One example is the “lab on a chip” using technology originally developed for ink jet applications and India is the place for development.  Other uses include smaller ECG machines, insulin pumps, and implanted devices, such as a brain stimulator to be used for Parkinson’s disease.  In addition monitoring products such as blood pressure machines hold large potential for expansion.  GE and the University of Pittsburgh are developing a virtual microscope to analyze slides from computer monitors and share the results anywhere over the web.  BD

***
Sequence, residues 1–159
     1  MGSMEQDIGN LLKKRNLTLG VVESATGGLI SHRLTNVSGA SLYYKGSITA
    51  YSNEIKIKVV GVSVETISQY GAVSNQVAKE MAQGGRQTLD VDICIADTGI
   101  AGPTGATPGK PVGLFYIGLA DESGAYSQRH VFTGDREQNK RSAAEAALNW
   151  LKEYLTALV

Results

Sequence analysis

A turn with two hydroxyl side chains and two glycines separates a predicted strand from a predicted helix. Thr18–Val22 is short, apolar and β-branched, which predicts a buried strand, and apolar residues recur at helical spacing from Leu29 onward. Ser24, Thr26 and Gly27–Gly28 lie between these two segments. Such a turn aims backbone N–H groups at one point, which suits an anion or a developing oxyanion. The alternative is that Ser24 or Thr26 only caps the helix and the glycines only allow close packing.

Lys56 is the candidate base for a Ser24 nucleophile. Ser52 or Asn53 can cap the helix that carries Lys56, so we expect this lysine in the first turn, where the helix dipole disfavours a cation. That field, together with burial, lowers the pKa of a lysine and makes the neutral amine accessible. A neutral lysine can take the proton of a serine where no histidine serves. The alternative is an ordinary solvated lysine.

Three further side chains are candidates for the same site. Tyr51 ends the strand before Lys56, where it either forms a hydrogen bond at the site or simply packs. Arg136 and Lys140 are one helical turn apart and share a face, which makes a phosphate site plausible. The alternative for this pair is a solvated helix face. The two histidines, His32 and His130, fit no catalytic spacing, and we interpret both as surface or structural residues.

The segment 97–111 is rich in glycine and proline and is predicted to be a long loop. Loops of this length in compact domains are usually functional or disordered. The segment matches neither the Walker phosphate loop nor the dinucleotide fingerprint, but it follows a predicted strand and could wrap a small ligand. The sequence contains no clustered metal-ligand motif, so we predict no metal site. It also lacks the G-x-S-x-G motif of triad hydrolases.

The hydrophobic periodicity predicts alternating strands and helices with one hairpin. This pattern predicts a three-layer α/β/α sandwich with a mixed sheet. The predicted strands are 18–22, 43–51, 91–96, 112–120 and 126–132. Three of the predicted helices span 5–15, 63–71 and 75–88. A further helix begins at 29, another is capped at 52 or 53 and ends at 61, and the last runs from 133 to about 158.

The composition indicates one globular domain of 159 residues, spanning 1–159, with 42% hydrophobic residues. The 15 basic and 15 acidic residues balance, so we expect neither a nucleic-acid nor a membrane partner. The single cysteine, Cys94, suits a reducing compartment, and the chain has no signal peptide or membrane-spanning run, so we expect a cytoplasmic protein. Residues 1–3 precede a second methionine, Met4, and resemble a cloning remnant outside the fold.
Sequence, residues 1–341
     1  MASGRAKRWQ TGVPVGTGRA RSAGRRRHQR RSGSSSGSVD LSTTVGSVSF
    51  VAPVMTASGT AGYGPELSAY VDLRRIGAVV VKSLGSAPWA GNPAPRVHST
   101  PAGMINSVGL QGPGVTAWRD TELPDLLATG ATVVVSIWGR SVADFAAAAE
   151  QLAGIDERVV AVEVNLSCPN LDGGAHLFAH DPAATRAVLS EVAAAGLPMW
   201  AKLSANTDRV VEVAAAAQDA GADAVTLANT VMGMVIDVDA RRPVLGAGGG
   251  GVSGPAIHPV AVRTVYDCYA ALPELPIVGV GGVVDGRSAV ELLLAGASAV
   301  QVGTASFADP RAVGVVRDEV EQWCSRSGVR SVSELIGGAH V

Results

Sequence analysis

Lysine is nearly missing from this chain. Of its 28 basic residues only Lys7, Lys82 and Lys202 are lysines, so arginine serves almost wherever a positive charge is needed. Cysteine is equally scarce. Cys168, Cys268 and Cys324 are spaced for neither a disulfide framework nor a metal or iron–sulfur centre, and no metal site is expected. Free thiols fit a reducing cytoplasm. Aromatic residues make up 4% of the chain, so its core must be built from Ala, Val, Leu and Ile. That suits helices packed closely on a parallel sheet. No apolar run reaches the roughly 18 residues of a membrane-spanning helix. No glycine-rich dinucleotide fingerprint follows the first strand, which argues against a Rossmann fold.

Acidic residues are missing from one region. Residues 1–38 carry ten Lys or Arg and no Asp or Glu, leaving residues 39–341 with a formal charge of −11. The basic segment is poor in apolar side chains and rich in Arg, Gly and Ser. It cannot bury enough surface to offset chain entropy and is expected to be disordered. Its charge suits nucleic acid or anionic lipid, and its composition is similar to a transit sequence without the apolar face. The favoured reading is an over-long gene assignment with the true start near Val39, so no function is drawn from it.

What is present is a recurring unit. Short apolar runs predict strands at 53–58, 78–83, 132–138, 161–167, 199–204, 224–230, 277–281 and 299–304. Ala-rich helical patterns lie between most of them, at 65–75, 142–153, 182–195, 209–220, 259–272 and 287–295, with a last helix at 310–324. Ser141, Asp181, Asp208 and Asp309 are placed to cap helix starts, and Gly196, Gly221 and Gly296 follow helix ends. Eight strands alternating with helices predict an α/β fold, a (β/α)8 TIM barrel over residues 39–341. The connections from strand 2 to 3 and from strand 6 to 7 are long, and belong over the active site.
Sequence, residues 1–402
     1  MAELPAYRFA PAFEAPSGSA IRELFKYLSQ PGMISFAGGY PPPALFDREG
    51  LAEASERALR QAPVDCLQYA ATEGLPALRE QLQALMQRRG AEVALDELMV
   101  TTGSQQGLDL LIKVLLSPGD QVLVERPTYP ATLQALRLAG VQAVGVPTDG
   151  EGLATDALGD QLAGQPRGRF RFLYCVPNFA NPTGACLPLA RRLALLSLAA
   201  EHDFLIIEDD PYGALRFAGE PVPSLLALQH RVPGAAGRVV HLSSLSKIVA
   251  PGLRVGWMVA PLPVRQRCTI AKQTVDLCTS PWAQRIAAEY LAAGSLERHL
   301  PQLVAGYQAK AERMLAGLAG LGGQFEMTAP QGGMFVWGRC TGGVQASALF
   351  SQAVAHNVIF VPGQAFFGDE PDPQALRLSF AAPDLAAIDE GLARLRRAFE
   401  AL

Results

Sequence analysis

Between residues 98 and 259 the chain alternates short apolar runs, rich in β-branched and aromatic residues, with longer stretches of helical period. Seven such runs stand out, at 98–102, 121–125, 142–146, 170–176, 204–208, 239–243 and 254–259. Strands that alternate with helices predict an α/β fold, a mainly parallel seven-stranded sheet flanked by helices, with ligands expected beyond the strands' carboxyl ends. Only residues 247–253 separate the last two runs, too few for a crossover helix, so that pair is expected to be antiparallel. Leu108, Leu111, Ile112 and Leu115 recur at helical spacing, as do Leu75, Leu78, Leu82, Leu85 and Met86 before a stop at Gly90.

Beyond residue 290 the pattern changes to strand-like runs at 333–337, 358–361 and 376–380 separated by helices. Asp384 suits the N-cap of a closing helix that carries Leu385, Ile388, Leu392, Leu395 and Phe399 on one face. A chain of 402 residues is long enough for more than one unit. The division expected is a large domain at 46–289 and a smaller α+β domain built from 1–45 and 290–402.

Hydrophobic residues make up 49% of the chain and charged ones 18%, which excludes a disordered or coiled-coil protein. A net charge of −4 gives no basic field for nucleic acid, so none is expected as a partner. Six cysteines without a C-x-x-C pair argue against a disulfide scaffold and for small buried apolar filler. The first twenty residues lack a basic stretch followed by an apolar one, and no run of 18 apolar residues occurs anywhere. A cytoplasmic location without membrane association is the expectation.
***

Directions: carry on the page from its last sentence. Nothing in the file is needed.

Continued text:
And, it seems, medical applications—growing at 12% annually, higher than any other semiconductor application, according to market research firm Databeans Inc.—could well be the knight in shining armor.

The industry has begun chipping at the opportunity. Texas Instruments Inc., or TI, recently unveiled a new class of chips for portable to high-end ultrasound diagnostic equipment, which the company says allows better image quality and reduced power consumption.


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